In September I wrote that Southwest Airlines had started capping the number of passengers on its flights in and out of Orange County.
Many planes with capacities of 143 (Boeing 737-700) and 175 passengers (Boeing 737-800) were being sold to just 79, 93, and 100 passengers.
Southwest explained this as the result of “the local community[‘s desire] for environmentally responsible air transportation operations,” forcing all airlines to reduce capacity on flights traveling to/from the airport through the end of the year.
Now American Airlines is refusing to fill empty seats with nonrev passengers through end of year in order to comply with the airport’s passenger caps.
Orange County airport hates airline passengers, which is ironic considering that they are an airport.
Noise concerns led to a 1985 settlement restricting operations south of the airport. Planes aren’t as noisy as they used to be – by a lot – but there are limits on late night and early morning departures (8 a.m. on Sundays). Orange County’s Board of Supervisors set annual passenger limits for the airport, and that creates a slot program. And though they now say passenger limits are related to environmental concerns, they reward flying planes with empty seats.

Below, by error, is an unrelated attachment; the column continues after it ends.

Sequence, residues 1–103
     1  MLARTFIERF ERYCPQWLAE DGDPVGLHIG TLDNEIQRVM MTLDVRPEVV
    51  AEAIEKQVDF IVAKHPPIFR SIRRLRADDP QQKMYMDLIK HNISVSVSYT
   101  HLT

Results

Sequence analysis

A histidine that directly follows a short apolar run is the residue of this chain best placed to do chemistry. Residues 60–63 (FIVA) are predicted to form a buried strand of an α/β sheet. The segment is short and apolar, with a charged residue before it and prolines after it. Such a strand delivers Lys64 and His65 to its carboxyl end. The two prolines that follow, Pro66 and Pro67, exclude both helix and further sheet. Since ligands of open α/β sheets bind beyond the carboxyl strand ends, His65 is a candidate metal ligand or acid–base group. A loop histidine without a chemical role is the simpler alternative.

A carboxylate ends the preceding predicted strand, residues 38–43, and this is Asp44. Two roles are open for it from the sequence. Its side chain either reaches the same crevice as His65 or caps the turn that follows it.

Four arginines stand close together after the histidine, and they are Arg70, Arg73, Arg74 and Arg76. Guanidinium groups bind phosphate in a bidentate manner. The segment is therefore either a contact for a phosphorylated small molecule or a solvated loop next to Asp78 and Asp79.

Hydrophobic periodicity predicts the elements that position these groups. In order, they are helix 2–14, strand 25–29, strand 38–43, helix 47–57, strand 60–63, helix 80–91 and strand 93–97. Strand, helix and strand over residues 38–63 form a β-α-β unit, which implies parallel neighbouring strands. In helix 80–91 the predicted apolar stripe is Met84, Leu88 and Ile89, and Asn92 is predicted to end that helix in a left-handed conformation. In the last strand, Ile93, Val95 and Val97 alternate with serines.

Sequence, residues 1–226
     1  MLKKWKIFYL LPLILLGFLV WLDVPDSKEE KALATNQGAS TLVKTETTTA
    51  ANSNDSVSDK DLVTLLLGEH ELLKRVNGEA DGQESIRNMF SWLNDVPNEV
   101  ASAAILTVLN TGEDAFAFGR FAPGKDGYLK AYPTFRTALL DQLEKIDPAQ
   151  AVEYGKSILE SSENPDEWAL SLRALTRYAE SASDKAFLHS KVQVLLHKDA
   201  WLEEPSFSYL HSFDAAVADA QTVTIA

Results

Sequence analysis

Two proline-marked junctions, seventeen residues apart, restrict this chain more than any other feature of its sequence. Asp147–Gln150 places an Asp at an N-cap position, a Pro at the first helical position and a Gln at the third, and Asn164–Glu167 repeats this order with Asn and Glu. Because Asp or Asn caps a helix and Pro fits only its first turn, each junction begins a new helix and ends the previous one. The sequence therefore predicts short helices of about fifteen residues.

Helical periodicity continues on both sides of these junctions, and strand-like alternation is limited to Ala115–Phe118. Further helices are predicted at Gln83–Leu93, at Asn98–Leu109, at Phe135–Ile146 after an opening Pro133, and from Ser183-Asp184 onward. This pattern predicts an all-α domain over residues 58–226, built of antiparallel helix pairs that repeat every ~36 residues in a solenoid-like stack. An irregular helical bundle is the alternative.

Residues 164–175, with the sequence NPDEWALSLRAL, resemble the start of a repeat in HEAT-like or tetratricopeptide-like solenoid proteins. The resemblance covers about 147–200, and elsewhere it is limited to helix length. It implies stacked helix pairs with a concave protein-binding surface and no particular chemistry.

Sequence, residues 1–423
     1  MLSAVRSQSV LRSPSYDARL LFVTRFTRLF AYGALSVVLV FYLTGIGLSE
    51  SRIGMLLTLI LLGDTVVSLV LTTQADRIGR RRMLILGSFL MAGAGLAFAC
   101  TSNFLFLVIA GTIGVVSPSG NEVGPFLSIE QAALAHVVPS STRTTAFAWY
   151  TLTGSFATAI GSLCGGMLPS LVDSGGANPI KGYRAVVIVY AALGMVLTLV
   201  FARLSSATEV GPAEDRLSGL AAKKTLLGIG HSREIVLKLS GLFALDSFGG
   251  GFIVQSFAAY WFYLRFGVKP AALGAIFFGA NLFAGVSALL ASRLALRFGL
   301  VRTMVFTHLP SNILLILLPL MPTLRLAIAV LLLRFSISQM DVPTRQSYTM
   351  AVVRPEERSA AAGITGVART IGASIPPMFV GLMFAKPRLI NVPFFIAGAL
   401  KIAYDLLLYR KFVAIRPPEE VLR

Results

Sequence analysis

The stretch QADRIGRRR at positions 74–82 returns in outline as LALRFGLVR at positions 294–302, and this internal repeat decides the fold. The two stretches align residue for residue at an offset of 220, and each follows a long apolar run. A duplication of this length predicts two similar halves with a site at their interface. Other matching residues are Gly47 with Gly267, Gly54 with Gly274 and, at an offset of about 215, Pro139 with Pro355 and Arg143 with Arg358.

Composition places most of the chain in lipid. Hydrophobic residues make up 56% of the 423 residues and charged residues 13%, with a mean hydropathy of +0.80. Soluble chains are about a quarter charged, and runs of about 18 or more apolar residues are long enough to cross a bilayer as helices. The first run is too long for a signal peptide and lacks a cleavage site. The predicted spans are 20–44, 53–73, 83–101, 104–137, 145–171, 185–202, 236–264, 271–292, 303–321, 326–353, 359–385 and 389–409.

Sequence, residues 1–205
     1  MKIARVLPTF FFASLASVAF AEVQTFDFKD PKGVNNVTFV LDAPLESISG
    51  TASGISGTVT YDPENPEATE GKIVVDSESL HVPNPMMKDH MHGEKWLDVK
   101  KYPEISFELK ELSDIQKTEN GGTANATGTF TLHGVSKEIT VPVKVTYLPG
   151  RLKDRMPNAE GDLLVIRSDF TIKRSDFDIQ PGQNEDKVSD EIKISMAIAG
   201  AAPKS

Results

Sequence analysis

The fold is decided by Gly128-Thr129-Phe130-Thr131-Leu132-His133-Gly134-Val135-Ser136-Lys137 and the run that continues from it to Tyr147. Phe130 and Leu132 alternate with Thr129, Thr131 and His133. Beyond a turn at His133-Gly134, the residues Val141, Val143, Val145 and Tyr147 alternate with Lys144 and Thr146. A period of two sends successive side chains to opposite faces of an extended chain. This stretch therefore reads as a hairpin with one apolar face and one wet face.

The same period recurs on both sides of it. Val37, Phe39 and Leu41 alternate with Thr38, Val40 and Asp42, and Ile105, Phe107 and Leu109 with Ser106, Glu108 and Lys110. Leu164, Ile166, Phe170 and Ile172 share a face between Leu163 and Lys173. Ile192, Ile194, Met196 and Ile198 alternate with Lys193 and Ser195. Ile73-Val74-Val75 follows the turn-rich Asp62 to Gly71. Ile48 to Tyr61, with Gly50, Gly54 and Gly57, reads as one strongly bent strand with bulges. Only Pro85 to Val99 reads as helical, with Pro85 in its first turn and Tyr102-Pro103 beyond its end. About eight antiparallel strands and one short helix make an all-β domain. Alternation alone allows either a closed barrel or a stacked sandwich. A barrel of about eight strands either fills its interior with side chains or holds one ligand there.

The good news is if you’re flying in and out of Orange County’s John Wayne Airport you may have a very good chance of an empty middle seat next to you.
However we should be screaming this from the rooftops: flying planes with empty seats is not better for the environment. In fact, it’s worse. The plane is still flying, and people also have to get places through other means.
And this does not even reduce aircraft noise, since the planes are still flying – just with fewer people on board.